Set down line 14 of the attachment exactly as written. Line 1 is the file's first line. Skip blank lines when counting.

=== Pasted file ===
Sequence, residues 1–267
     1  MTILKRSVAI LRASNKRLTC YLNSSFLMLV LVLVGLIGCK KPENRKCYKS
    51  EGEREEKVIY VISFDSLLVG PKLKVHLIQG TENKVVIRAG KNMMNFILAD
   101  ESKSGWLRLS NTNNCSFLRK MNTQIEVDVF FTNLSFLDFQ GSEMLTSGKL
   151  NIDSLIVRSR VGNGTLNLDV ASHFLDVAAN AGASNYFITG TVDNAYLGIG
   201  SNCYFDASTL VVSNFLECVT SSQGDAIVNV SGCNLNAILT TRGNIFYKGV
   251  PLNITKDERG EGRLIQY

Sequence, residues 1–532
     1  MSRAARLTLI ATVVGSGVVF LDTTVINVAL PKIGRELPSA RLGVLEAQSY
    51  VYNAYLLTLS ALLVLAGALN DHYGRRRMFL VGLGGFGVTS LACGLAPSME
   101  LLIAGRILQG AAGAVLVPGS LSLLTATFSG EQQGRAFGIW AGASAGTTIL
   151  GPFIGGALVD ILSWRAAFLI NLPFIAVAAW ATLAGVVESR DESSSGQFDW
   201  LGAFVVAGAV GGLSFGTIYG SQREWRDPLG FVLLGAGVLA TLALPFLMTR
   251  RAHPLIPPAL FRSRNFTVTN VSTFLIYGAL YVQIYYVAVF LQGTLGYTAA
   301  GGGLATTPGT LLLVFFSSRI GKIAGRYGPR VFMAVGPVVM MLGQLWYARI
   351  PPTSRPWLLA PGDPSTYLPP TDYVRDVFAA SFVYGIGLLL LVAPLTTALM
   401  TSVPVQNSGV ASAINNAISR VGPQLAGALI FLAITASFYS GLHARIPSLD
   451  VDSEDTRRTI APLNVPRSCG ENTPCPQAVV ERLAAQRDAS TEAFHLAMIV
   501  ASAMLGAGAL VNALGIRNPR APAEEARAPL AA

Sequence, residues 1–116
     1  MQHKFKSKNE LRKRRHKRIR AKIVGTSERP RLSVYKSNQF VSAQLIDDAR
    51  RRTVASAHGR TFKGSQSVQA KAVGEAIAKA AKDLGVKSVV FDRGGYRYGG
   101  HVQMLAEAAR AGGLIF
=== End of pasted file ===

   251  RAHPLIPPAL FRSRNFTVTN VSTFLIYGAL YVQIYYVAVF LQGTLGYTAA